| Peace Corps' rededication to youth: Addressing the needs of youth-at-risk |
Giselle had trouble in school. She was a rebellious twelve year-old who was caught stealing. In addition, she was sleeping around with boys and men who paid her school fees. These activities brought shame to her family and punishment and condemnation to Giselle. She refused to heed her parents admonitions and rather than go home to face the family's harsh treatment and constant badgering, she began staying out all night with friends on the streets. The longer she stayed away, the greater became her fear of going home to face her family.
Forced to fend for herself, Giselle bartered sex for food, clothing, money and other basic necessities of life. She became more independent and began going dancing and making a living sleeping with the men she met at the bars. As 13, she contracted AIDS and by 15 she was seriously ill Her family soot her in during the last few months of her young life, knowing she was very ill, but unaware she had AlDS. A local doctor gave her as much comfort as possible during the final months of her life.
Three years ago Juan ran away from home at the age of nine. He had become very unhappy and bitter when his father died This led to poor academic performance and misbehavior in school. His mother tried so provide the necessary discipline and direction he needed, but because she worked ten hours a day in a laundry, she had little time or energy to spend with Juan and his five brothers and sisters.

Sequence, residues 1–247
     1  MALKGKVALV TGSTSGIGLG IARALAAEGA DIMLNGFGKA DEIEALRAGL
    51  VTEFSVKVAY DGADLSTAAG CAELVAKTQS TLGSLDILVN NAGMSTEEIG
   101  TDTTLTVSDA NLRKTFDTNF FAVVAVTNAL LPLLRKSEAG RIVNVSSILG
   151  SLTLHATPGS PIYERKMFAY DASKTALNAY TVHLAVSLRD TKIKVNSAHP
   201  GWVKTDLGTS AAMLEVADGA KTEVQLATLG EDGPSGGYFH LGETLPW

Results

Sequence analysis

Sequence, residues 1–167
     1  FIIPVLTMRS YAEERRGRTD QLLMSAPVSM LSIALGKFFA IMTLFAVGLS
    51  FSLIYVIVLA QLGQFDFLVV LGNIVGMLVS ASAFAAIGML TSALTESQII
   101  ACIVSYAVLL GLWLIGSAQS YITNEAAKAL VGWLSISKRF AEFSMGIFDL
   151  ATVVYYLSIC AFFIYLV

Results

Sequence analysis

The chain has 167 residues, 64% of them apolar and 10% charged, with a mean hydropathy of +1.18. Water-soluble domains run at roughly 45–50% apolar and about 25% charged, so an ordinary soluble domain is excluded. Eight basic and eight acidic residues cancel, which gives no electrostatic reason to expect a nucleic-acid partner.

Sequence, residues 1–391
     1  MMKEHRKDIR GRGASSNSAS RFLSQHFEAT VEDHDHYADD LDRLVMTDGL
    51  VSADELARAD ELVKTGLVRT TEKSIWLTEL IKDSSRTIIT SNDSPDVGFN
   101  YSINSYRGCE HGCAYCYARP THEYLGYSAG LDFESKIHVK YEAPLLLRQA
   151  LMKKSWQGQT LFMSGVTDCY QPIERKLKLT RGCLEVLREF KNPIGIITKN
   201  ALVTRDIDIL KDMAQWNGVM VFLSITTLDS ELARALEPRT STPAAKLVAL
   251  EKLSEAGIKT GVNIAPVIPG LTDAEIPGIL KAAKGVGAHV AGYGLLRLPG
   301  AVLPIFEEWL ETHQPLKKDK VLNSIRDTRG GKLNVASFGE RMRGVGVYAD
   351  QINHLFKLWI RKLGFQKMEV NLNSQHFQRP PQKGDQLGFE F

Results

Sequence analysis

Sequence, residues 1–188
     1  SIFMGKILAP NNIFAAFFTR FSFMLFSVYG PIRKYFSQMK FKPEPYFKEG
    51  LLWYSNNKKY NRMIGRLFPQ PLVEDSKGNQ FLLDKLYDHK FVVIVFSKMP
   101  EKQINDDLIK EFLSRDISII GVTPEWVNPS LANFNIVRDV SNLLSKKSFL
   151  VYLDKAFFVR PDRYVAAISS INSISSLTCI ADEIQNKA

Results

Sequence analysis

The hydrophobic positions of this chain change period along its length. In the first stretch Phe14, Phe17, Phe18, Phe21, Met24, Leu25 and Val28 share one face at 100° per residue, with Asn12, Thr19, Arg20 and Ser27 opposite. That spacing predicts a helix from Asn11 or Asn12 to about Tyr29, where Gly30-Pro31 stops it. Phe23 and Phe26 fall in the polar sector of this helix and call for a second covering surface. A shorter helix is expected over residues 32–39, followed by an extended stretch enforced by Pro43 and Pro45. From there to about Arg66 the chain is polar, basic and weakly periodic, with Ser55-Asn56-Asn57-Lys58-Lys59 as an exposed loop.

He was sent to live briefly with his aunt and uncle, but began skipping school and running with friends on the street during the day. His uncle beat him and eventually sent him back to his mother. Finally, Juan left home and spent all his time o the streets, working at odd jobs tine selling candy and shining shoes.
He trusted his best friends and tried to sleep close to them night in front of the police station. But being so young, it was easy for older boys to lake advantage of trim and force him to have sex with them. The longer he was on the street, the more common sex became among the street boys and girls.
Most of the time Juan was hungry because the work the found was not enough to buy much food To dull the hunger pains, he began sniffing glue and gasoline. Wanting more money, he occasionally supplemented his small income by homosexual pick-ups with order men. He didn't like doing this, but it was better than being hungry. Nobody ever toad him about the dangers these activities would pose to his life.
Street children and other children in difficult circumstances are particularly vulnerable to contracting the HIV virus and other sexually transmitted diseases (STDs) due to their proximity to and activity with other high-risk adult populations. Street life exposes them to sexual exploitation, prostitution and/or sexual abuse by older street youth and adults who may be carrying the HIV virus or other STDs. This is particularly true of street girls who often make their living as prostitutes. Heterosexual and homosexual activity among street children is common. Drug, alcohol and other substance abuse frequently increases their susceptibility to sexual activity and abuse.
DISCUSSION OF THE PROBLEM
The World Health Organization (WHO) estimates that there are 8 million people infected with the HIV virus in the world today, over 5 million in Africa alone. By the year 2000, experts predict there will be 40 million people infected, 80 percent in the developing world. Moreover, 10 million children will become orphans from parents who have died from AIDS. Most of those orphans will be in the developing world and it is likely that a large percentage of them will end up as street children as well.